A Gnome's Ponderings

I'm a gamer. I love me some games and I like to ramble about games and gaming. So, more than anything else, this blog is a place for me to keep track of my ramblings. If anyone finds this helpful or even (good heavens) insightful, so much the better.

Archive for Gaming with Kids

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Okay, let’s try sneaking gaming into education again

Lowell Kempf
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The dream of all gamer parents is using games as educational tools. Of course, kids being kids, this usually turns out to be a pipe dream but I am still clinging to my copies of 10 Days for dear life

With homeschooling currently a part of our daily lives, trying to find educational games that actually work has become more important. Of course, there’s less time for looking for such games since that’s how the world works.

My next project along those lines is FourSight Word Game. I learned that the publishers were at least temporarily allowing it to be downloaded as a print and play so I downloaded it. The next step is is to actually make it. I’m hoping to do that this weekend.

It is made up of two types of tiles: tiles with three-letter words and tiles with one letter. The actual game is a speed game where you are trying to make four-letter words as fast as you can. Which sounds so much worse when I actually type it out.

But I’m not actually planning on playing by the actual rules with our six-year-old. That would just frustrate him to no end, seeing is how he is still learning to read. Instead, I want to have all the single letters out and available and flip over the three-letter words and explore how he can expand them.

I’m still not expecting him to be into it but I think it’s worth trying.

Originally posted at www.gnomepondering.com
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Thu Mar 26, 2020 9:59 pm
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Abstract game or art project?

Lowell Kempf
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Some board games make good art activities for younger kids. And, at least for me, abstracts are the games that seem to do the best job at it.

Two occurrences in about a week’s span really brought that home for me.

First of all, I learned that our son’s kindergarten teacher uses both Blokus and Blokus Trigon in the classroom. Not as the games but as cooperative activities. I found out about this by our son pulling out my copy of Blokus Trigon and saying that they had a copy at school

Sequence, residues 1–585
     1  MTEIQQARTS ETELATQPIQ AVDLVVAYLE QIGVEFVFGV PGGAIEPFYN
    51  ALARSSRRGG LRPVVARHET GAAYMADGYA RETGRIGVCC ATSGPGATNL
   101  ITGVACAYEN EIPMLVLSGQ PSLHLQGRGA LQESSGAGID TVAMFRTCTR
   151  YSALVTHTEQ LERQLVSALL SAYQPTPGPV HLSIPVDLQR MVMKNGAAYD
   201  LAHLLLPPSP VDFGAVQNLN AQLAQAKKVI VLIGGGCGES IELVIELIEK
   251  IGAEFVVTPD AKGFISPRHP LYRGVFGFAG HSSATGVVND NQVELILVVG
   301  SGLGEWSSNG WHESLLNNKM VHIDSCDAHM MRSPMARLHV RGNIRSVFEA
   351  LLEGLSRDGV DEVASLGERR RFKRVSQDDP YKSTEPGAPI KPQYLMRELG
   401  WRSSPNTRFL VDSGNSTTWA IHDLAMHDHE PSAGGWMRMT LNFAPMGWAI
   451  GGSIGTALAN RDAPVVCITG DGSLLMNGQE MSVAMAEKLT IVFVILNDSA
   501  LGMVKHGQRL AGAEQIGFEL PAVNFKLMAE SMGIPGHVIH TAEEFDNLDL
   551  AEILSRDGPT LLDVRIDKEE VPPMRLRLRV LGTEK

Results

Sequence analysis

The second was when our son decided he wanted to have a board game night with daddy and started pulling out my stack of GIPF games. (TAMSK is stored elsewhere due to its size and I don’t have LYNGK, in case your curious) And gosh darn it, didn’t he find the games interesting to manipulate and make patterns with, ZERTZ and DVONN in particular. He actually paid attention to the rules of DVONN but wasn’t interested in actually playing it

It makes sense that abstracts are good for this kind of play. Games with tiles and chits and cards and such don’t have the same ‘artifact’ appeal. Glass beads and stones and balls and pyramids and such are actual physical objects with all the dimensional and tactile elements that go into being just that.

I am hoping that this eventually turns into actually playing the games

Originally came to visit at www.gnomepondering.com
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Fri Nov 29, 2019 3:44 pm
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Abstracts and kids

Lowell Kempf
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Some board games make good art activities for younger kids. And, at least for me, abstracts are the games that seem to do the best job at it.

Two occurrences in about a week’s span really brought that home for me,

First of all, I learned that our son’s kindergarten teacher uses both Blokus and Blokus Trigon in the classroom. Not as the games but as cooperative activities. I found out about this by our son pulling out my copy of Blokus Trigon and saying that they had a copy at school